While cities, towns and villages know they will see a 5-percent cut in state aid, counties are still awaiting word on how much they will lose.
Clinton County Administrator Michael Zurlo said counties won't know for sure what the impact will be until the state budget is finalized.
"But we've been made aware of several reductions we can expect in state aid in several areas," Zurlo said.
The county expects to lose funding for the Probation, Health, Social Services and Nursing Home departments.
"We are going to have to provide the same services with less money," he said.
"We were aware of some of this at budget time and made the appropriate decisions, but in this environment, every year is a difficult budget year."
Zurlo said the Clinton County Legislature has given no indication of cutting any jobs in next year's budget, at this point.
"We understand the state is in a tough spot, and we would advocate for cuts, but what we are seeing are cost shifts, not cuts," Zurlo said.
"The unfortunate result is property taxes could be affected. This is like death by pin prick."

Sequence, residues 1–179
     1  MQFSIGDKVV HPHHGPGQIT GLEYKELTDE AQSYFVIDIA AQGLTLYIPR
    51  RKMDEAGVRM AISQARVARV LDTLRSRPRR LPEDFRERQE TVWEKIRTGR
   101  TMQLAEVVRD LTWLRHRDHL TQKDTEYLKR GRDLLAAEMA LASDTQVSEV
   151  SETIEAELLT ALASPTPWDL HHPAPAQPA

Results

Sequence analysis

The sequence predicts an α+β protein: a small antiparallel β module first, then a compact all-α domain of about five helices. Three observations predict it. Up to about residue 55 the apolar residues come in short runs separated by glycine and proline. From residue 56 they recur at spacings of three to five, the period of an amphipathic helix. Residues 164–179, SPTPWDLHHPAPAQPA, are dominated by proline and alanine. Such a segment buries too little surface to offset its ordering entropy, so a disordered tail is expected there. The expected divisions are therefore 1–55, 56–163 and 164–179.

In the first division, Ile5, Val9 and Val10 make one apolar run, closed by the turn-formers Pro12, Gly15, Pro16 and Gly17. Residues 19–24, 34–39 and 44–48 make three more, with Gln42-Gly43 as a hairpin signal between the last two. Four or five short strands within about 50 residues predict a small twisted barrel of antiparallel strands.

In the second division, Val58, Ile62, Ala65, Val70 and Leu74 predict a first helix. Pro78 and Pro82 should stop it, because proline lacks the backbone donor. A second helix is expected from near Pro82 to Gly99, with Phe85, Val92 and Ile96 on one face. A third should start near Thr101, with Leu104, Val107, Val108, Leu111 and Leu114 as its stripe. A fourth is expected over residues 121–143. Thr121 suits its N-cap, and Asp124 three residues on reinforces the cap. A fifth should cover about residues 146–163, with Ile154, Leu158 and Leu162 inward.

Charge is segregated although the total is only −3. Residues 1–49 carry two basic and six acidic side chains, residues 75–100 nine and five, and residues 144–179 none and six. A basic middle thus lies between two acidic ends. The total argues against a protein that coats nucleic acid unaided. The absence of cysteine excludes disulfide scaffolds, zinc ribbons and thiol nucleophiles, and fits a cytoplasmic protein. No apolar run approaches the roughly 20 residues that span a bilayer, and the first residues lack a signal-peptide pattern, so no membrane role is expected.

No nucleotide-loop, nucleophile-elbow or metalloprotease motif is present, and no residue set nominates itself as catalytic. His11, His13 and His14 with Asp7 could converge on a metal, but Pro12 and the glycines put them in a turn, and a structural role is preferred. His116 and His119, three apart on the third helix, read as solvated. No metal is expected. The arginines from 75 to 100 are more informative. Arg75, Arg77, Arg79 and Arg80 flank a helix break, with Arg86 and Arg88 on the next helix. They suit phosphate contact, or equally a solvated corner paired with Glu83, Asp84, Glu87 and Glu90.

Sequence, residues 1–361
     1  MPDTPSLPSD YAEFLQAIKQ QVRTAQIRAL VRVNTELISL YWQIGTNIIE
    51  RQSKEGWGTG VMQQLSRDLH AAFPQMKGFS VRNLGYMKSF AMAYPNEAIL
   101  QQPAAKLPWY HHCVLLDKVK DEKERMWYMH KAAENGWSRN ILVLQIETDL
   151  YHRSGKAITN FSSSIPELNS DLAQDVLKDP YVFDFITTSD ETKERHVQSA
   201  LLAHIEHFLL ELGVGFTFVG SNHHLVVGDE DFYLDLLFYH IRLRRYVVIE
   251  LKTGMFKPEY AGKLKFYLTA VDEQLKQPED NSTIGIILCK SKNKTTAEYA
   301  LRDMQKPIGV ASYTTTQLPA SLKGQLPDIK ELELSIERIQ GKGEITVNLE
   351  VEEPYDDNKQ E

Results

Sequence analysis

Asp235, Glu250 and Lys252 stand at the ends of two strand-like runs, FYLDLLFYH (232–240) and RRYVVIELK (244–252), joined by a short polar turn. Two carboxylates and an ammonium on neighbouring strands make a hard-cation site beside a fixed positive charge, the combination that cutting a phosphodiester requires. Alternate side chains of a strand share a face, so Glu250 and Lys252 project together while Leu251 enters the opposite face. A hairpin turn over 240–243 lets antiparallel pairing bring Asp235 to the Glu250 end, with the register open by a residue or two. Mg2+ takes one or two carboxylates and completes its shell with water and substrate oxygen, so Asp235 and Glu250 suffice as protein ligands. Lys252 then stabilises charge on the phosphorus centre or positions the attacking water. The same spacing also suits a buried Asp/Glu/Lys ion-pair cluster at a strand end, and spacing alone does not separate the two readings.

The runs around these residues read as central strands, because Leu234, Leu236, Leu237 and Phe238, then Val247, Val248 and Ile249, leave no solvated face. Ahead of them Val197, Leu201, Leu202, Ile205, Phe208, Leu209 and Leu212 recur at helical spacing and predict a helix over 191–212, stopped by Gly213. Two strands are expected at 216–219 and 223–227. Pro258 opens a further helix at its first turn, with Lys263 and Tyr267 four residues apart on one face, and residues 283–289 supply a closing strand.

County managers participated in a teleconference call with state officials recently to learn more about the aid situation but wound up with few answers.
Franklin County Manager James Feeley said the only thing he knows for sure is that 2011 will be a difficult budget year.
"We are going to have less money to run the programs we are obligated to run, and that is because of the inextricable mismanagement of the state finances," Feeley said.
"The state and counties are tied together, and we are the agents for the state, and the only time we can save money on a program is when they say don't run that program. But they don't ever say that."
Franklin County's tentative budget is due Oct. 1, and Feeley said he will meet with department heads in the next few weeks to get the process started.
"We are going to rely on our department heads to chew through what they learn from their state associations and see what they can do," he said.
Essex County Manager Daniel Palmer shares Zurlo's and Feeley's frustration.
"We are totally lost in the dark as to what the final numbers will be," Palmer said.
Essex County could probably have absorbed a funding loss a few years ago, he said, but not now, after losing about $5.8 million in revenue since 2008.
"We just don't have it."
The county recently approved a sales-tax increase of one quarter of a percent, which is awaiting approval from the state legislators, but that, too, has been held up in the budget quagmire.
The sales-tax increase is expected to generate about $1.2 million for the county.
"That's about 10 percent on our tax levy, " Palmer said.
"We need that."
E-mail Joe LoTemplio at: email@example.com
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